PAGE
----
The handle portion includes a directional tooth and notch system that initially positions the handle in the fully outward draw or fill position with the handle teeth engaged in an outer notch and allows the handle to be depressed to click the plunger forward a short distance to cause the teeth to engage a second notch to close the air vent by advancing the plunger into the O-ring beyond the proximal end of the keyway vent. Further advancement of the plunger is prevented by a directional stop on the capillary support frame. The directional stop may be overcome by rotating the plunger-activating handle relative to the tube-carrying frame. This enables further axial displacement of the handle to cause the plunger to exhaust all of the liquid from the capillary end or whatever pressure is necessary as the O-ring provides a positive fluid seal among the ring, plunger and tube enabling pressurized discharge.
The system is relatively simple in construction and readily adaptable to disposable sampling devices, particularly those used to collect micro-samples of blood or other bodily fluids for electro-chemical or other type of analysis. The open tip of the capillary may be designed to be accommodated in a specialty fitting of an analytical instrument, such as a cartridge used for rapid analysis of blood gas or other constituents. Transfer is thus accurate and safe with designed sample point seating in the form of compatible fittings.
The typical sample size is between 50 and 200 μL. One capillary device in accordance with the invention had a 125 μL, plus or minus 4 percent capillary fill. It is also preferred that the capillary portion of the device be transparent so that the proper filling and operation can be observed.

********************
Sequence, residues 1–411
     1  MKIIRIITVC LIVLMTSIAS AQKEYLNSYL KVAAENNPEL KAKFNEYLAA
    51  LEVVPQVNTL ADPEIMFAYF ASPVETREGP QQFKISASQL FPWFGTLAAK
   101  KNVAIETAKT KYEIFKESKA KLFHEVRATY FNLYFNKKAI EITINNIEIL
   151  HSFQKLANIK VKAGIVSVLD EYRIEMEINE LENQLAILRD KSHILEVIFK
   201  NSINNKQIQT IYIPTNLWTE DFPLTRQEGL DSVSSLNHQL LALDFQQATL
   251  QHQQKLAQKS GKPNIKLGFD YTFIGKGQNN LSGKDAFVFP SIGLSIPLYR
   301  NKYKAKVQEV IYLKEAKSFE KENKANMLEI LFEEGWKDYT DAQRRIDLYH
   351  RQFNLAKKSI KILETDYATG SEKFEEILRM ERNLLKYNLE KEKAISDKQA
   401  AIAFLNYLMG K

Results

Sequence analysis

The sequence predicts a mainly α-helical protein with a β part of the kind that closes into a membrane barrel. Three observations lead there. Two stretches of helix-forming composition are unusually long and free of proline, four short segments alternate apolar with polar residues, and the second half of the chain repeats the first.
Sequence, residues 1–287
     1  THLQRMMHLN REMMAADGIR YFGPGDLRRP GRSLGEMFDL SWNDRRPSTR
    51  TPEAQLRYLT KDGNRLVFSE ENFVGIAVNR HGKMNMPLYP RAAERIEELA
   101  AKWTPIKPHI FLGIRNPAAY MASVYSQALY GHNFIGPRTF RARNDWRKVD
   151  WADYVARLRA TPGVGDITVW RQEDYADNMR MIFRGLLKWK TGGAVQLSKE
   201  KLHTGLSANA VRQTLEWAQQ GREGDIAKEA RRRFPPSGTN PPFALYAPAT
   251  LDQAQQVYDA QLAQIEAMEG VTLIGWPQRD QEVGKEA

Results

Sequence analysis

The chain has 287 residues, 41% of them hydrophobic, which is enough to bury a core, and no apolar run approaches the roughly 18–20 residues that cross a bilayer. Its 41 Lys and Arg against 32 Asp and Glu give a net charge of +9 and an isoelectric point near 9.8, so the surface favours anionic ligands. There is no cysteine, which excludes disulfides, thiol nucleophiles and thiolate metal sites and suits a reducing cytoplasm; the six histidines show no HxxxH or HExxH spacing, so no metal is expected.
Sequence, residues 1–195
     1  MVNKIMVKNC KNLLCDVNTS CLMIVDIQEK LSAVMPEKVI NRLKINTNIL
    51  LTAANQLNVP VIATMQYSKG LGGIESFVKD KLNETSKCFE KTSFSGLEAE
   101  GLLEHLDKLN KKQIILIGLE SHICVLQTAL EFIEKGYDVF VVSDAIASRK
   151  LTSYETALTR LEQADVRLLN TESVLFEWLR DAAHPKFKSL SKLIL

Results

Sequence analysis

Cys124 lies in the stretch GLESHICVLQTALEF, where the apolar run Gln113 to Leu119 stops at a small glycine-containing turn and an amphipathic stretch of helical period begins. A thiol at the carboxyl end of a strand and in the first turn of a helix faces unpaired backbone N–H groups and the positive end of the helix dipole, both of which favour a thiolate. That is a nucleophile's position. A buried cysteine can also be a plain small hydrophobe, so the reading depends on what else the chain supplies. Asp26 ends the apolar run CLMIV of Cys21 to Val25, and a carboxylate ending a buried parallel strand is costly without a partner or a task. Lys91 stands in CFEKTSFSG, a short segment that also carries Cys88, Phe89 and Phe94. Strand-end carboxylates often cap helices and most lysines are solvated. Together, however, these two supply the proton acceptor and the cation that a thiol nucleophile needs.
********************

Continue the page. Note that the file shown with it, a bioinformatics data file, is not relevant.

In the drawings wherein like numerals designate like parts throughout the same:
FIG. 1 is an enlarged perspective view of a vented capillary collection device in accordance with the invention;
FIGS. 2a-2d are fragmentary schematic illustrations illustrating the operation of the vent and plunger system of the invention;
FIGS. 3a-3c are fragmentary perspective schematic views similar to FIGS. 2a, 2b and 2d; and
FIG. 4 is a greatly enlarged fragmentary view partially in section of the capillary seal system of the invention.
FIG. 1 depicts an enlarged perspective view of a disposable, vented capillary collection device having a syringe-like pressurized discharge system. The device is shown generally at 10 and includes a capillary collection or draw tube 12 carried in the frame 14 that includes a finger grip 16, a pair of directional stop tabs 18 and a notched top hub portion 20. The directional stop members 18 and sets of spaced hub notches 21, 23 (FIGS. 3a-3c) are aligned directionally. Hub 20 is connected with the finger grip 16 by a pair of side members 22 that allow a portion of the tube 12 to remain observable. The handle portion 23 includes a plunger 24 which has a fixed end connected to thumb or push plate 26 and a free end extending into the tube 12 through a central bore in the hub 20, as better shown in FIGS. 2a-4. Resilient tooth carrying shaped members 28 and 30 flank the plunger 24 and contain inward directed teeth as at 32 and 34 shown received in an upper notches 21 of 20. The inward directed resilience of the members 28 and 30 maintain teeth 32 and 34 in notches 21. This represents the fully extended open vent handle position set for receiving or drawing a sample. The capillary tube may have any type of a shaped distal end shown contoured at 40 and having a receiving/discharging opening 42.